By all accounts, the debut of the UK’s first humanoid robot was a startling affair. Before rising on gleaming aluminum legs to give a speech at the 1928 Engineering Model Society exhibition, Eric the robot sat rigidly still before the gathered crowd, his face an inscrutable metal mask with slices for lightbulb eyes and a cavernous mouth.
Robert E. Martin described the scene in a 1928 article for Popular Science Monthly:
The Thing’s enormous size and the stark immobility of his face gave him a really terrifying quality. His lipless, toothless mouth agape, his hollow eyes aslant, he stared into an audience that packed the Royal Horticultural Hall in London. Fairly popeyed, they returned his lifeless gaze. They felt subconsciously that here was some strange symbol of relentless Fate itself.
Yet once he stood and bowed “elaborately,” the “spell was broken” by his “typical educated Englishman” pronunciation, and familiar words of “presiding officers the world over,” assuring the viewers that this was a human-made being under their control, even if the 35,000 volts of electricity powering his movement threw blue sparks from his gaping maw.
Eric was an instant sensation, and toured both Europe and the United States, and then vanished in the 1930s. “An interesting thing about robots is that, although they are large, heavy, solid things, they have always tended to be rather ephemeral,” Ben Russell, lead curator for the upcoming Robots exhibition at London’s Science Museum, told Hyperallergic. “They tend to get cannibalized for spare parts, lost, neglected, forgotten about, or deliberately scrapped. It may be the case that with Eric, he was replaced by a ‘product improved’ version called George, and Eric, as the original, may have been taken to pieces to provide spare parts, or stored away just in case, but there is no way of knowing for sure.”
The Science Museum is currently crowdfunding $50,000 on Kickstarter to rebuild Eric for Robots, planned to open in February of 2017. The exhibition will chronicle 500 years of humanoid history, with over 100 automata artifacts going back to the 16th century. As the UK’s first experiment in modern automaton creation, Eric is planned to take center stage, following a month-long solo show this October. After the exhibition, he will become part of the museum’s permanent collections.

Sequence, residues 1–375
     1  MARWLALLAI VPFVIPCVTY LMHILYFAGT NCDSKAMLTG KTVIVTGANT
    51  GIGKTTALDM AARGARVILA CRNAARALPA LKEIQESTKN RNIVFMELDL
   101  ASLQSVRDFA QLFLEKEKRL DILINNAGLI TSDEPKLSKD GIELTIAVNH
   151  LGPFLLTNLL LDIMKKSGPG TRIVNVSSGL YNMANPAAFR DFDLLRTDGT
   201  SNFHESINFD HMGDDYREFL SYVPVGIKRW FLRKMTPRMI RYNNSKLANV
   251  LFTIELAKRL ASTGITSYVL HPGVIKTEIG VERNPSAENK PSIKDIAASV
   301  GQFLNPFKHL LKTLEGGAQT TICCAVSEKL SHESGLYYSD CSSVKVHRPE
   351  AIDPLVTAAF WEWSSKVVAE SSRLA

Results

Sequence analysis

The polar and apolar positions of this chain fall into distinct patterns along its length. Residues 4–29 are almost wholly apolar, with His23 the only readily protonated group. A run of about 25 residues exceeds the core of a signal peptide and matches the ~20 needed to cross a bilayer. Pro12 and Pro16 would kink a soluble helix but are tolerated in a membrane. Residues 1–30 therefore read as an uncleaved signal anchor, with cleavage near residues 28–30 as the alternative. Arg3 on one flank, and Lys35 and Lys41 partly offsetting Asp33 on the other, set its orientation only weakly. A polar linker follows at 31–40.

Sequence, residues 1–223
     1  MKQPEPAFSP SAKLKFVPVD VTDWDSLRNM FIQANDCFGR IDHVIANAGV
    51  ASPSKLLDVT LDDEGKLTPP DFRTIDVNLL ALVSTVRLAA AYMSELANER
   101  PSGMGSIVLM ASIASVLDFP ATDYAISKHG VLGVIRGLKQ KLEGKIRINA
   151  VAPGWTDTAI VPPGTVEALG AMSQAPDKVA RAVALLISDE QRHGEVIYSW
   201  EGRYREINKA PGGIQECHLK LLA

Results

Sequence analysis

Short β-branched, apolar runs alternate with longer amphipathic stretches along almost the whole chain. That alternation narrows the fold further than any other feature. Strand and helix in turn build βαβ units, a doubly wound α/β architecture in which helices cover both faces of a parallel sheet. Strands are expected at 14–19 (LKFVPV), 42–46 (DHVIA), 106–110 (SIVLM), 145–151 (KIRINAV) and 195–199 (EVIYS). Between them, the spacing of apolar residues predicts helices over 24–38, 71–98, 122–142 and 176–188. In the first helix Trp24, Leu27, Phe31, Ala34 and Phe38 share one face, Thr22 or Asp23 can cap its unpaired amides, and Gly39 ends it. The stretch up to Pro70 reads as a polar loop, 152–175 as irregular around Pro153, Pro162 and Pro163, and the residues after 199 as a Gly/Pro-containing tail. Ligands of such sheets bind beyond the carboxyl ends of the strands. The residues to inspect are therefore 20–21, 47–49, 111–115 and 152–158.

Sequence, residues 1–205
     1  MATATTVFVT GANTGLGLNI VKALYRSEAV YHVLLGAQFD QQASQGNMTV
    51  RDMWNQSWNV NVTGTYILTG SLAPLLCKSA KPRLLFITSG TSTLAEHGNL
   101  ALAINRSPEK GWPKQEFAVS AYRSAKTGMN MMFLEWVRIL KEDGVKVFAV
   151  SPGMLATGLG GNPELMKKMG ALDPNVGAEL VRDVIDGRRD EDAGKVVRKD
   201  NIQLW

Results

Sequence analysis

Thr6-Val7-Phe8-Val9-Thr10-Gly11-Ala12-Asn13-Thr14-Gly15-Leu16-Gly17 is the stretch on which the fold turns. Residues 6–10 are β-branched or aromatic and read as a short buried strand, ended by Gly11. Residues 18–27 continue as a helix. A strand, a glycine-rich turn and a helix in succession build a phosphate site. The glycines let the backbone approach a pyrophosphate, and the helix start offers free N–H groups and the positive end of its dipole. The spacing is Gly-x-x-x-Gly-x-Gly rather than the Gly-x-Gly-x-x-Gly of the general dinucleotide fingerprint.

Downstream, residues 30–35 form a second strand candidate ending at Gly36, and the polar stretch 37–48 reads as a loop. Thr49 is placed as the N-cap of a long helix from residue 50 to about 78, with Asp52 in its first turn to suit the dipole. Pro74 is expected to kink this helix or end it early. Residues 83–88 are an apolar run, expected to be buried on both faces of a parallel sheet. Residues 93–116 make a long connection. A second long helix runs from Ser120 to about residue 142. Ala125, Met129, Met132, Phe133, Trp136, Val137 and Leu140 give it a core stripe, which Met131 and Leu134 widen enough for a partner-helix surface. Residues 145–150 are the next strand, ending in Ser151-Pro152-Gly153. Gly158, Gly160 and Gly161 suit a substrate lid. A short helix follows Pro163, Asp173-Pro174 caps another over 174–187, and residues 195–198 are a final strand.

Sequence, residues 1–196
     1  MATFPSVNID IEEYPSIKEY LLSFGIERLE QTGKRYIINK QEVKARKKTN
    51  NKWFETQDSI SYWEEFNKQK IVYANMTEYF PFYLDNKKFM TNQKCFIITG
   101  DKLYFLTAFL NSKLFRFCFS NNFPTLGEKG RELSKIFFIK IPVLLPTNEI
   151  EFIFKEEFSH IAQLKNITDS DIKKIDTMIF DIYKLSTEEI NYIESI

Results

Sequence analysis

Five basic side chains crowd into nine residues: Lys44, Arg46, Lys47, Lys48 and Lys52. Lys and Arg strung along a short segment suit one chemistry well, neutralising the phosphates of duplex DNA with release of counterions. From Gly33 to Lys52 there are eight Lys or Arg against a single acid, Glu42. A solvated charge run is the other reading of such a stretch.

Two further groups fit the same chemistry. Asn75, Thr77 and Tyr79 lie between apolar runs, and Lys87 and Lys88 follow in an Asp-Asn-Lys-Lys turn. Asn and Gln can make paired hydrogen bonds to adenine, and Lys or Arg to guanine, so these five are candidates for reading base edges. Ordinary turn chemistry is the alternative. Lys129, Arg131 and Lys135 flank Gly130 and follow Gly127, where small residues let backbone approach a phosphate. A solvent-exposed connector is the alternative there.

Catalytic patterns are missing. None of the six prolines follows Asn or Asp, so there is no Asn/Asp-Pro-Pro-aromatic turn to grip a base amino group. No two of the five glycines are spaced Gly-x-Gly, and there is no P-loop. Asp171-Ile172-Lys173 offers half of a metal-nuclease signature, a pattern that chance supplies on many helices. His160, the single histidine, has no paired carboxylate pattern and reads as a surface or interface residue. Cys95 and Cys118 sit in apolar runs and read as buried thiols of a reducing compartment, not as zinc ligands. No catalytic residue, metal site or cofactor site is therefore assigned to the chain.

“One of the challenges of the rebuild is that, although Eric’s external appearance is relatively easy to establish from photographs taken during his lifetime, and we can work out some of his movements from the piece of surviving film footage, reverse-engineering what might be inside is more difficult,” Russell explained. There exists an artist’s impression of Eric’s insides, but due to creators Captain Richards and A.H. Reffell being rather secretive about his mechanics, it’s difficult to gauge its accuracy.
The museum has enlisted roboticist and artist Giles Walker (of pole-dancing robot fame) to head the rebuild, which should take roughly three months. Eric was constructed in a dawning era of robotic spectacles, which would be highlighted in exhibitions and World’s Fairs of the early 20th century. It was only in 1921 that the word “robot” was coined in Karel Čapek’s 1921 play Rossumovi Univerzální Roboti (Rossum’s Universal Robots), the “R.U.R.” on Eric’s chest referencing this provenance. Even before Eric, there were robots like the 1927 Mr. Televox from the Westinghouse Corp, whose main skill was answering a telephone, and the remnants from visual culture, including the bumbling bots of early silent films.
Each of these humanoids was very much a metal man of his time (and despite the seductive Maria in Fritz Lang’s 1927 Metropolis, they were on the whole designed as male robots). While Eric was a British “robot in knight’s armour,” Elektro (also by Westinghouse) at the 1939 World’s Fair in New York was a walking, talking, smoking brazen American, calling lady visitors “toots” and traveling with his dog Sparko. Unlike later robots like Thomas Ross’s 1938 maze-solving machine, which looked nothing like a person, these automata were more gimmick than scientific experiment, but they still demonstrated the potential of robotics.
Russell noted that the Science Museum has “rescued a number of relatively recent robots from sheds, basements, forgotten cupboards,” and their preservation often goes overlooked, especially as newer, flashier robots continue to grab headlines (such as the wheeled “Pepper” equipped with an “emotion engine” from SoftBank soon arriving in the United States from Japan).
“Robots have often been ephemeral objects, used and discarded as circumstances dictated, so someone, somewhere, should be taking stock and acquiring examples if possible,” Russell stated. “That’s a good job for us at the Science Museum.”
Rebuild Eric: The UK’s First Robot is funding on Kickstarter through June 16.